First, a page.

September 4, 2013
A map of racial segregation in the US.
Vi Hart explains serial music (h/t Jim CaJacob).
More adventures in trolling scam journals with bogus papers (h/t my father).
Brighten does some number crunching on his research notebook.
Jerry takes “disruptive innovation” to task.
Vladimir Horowitz plays a concert at the Carter White House. Also Jim Lehrer looks very young. The program (as cribbed from YouTube)
- The Star-Spangled Banner
- Chopin: Sonata in B-flat minor, opus 35, n°2
- Chopin: Waltz in a minor, opus 34, n°2
- Chopin: Waltz in C-sharp minor, opus 64, n° 2
- Chopin: Polonaise in A-flat major, opus 53 ,Héroïque
- Schumann: Träumerei, Kinderszene n°7
- Rachmaninoff: Polka de W.R
- Horowitz: Variations on a theme from Bizet’s Carmen
The Simons Institute is going strong at Berkeley now. Moritz Hardt has some opinions about what CS theory should say about “big data,” and how it might be require some adjustments to ways of thinking. Suresh responds in part by pointing out some of the successes of the past.
John Holbo is reading Appiah and makes me want to read Appiah. My book queue is already a bit long though…
An important thing to realize about performance art that makes a splash is that it can be often exploitative.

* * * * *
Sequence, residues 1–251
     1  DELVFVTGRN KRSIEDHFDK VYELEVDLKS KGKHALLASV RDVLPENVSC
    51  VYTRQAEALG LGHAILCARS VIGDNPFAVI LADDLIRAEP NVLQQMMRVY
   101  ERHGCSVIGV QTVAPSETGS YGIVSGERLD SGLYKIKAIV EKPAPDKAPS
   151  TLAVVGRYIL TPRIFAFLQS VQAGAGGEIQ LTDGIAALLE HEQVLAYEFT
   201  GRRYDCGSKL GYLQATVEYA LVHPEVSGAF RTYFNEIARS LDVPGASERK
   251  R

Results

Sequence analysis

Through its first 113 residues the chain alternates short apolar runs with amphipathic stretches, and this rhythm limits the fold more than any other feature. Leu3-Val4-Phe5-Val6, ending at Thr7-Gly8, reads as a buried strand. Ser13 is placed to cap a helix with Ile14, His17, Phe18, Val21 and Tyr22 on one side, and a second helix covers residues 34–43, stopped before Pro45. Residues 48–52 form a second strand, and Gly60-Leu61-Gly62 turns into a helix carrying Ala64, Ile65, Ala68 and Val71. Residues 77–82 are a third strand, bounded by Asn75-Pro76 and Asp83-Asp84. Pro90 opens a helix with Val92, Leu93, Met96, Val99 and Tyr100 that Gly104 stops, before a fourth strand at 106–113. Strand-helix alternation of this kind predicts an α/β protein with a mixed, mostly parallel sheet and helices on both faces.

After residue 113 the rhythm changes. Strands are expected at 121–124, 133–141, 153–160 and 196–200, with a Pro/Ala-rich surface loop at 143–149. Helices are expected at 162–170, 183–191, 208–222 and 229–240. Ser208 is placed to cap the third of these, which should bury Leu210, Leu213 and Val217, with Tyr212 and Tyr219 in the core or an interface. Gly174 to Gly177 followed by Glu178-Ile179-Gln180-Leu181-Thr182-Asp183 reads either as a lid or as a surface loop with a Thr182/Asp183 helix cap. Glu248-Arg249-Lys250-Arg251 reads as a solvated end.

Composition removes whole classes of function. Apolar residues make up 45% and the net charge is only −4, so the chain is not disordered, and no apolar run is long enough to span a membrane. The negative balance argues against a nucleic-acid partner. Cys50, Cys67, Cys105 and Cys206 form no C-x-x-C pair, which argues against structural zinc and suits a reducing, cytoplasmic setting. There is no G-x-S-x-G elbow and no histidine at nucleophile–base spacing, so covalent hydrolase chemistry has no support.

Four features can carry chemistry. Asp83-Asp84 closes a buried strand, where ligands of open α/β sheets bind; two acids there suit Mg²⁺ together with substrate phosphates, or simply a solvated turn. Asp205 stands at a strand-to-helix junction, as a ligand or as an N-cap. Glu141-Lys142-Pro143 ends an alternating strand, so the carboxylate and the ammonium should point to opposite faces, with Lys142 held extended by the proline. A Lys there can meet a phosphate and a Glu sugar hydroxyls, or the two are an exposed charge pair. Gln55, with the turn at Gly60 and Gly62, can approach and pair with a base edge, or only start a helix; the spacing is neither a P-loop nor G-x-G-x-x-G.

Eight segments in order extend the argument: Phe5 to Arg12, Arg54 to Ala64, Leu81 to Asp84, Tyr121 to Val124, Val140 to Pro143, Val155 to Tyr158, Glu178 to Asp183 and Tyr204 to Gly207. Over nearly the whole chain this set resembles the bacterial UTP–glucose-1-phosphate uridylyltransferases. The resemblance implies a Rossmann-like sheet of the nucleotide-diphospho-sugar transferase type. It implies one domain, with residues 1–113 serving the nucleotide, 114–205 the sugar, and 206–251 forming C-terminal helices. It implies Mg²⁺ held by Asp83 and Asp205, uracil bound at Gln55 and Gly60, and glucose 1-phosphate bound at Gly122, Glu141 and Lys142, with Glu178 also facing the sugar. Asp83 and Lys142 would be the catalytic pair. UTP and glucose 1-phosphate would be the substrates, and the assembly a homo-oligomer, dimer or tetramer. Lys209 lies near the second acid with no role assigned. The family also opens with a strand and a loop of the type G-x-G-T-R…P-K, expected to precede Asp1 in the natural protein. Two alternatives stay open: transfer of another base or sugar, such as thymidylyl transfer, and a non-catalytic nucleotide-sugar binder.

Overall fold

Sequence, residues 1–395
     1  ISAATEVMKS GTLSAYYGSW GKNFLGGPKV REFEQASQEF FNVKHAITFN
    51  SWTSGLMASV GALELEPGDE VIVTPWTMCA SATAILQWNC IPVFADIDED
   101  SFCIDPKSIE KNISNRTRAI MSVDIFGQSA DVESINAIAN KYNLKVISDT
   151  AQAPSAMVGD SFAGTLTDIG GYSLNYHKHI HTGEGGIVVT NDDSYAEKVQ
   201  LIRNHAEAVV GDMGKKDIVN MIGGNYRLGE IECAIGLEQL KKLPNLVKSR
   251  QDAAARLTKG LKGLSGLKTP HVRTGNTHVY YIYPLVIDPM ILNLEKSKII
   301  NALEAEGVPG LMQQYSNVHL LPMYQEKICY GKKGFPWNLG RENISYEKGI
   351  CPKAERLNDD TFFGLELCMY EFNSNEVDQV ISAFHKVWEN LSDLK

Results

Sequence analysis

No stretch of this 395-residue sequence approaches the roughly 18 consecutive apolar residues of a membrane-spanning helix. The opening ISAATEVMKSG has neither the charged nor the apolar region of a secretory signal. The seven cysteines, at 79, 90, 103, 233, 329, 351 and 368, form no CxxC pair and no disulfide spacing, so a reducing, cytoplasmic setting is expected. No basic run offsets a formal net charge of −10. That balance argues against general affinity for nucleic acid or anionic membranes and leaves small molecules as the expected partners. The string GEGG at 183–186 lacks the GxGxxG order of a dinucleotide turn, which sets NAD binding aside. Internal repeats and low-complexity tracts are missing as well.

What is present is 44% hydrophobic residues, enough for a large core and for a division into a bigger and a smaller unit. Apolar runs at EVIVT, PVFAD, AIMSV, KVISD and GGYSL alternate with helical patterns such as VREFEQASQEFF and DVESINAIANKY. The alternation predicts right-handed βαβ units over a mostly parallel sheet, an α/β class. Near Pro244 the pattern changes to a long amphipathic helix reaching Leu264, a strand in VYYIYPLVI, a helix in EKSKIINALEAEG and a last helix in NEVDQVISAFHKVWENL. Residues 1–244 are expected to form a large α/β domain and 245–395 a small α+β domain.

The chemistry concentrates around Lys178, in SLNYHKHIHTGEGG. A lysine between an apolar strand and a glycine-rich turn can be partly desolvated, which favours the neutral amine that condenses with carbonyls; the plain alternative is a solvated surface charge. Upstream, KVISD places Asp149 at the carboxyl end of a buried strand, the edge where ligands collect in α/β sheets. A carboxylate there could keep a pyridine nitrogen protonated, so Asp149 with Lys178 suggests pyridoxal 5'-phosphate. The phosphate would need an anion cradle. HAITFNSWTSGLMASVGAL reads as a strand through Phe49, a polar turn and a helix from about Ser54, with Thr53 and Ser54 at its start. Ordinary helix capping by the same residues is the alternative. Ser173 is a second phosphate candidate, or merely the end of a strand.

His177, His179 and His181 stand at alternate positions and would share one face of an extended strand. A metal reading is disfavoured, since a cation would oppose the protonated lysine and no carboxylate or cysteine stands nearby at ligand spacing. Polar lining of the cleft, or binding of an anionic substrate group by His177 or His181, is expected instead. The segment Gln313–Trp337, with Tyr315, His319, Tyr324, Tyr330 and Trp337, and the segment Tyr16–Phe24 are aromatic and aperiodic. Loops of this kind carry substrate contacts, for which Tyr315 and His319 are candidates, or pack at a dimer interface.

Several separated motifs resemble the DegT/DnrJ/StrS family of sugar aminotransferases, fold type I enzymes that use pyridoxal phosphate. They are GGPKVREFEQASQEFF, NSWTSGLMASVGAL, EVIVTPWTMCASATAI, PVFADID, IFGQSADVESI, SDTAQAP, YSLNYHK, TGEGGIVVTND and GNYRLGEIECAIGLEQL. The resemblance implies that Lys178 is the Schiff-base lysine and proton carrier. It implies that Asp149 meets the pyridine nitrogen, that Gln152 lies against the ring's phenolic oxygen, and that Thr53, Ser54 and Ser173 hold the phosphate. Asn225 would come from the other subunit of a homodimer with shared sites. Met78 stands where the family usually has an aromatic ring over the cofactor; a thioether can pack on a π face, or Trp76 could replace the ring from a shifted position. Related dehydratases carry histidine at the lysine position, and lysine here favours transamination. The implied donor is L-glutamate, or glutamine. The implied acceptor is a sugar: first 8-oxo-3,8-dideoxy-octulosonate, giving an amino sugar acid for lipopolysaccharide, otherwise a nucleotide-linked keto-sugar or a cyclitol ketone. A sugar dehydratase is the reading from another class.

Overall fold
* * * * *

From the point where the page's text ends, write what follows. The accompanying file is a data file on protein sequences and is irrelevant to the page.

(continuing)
Mimosa shows us what she sees.
January 3, 2013
Having seen a talk recently by John Ioannidis on how medical research is (often) bunk, this finer corrective by Larry Wasserman was nice to read.
Computer science conferences are often not organized by the ACM, but instead there are different foundations for machine learning and vision and so on that basically exist to organize the annual conference(s). At least, that is what I understand. There are a few which are run by the ACM, and there’s often debate about whether or not the ACM affiliation is worth it, given the overheads and so on. Boaz Barak had a post a little over a week ago making the case for sticking with the ACM. Given the hegemonic control of the IEEE on all things EE (more or less), this debate is new to me. As far as I can tell, ISIT exists to cover some of the cost of publishing the IT Transactions, and so it sort of has to be run by IEEE.
As mentioned before, Tara Javidi has a nice post up on what it means for one random variable to be stochastically less variable than another.
Paul Miniero has a bigger picture view of NIPS — I saw there were lots of papers on “deep learning” but it’s not really my area so I missed many of those posters.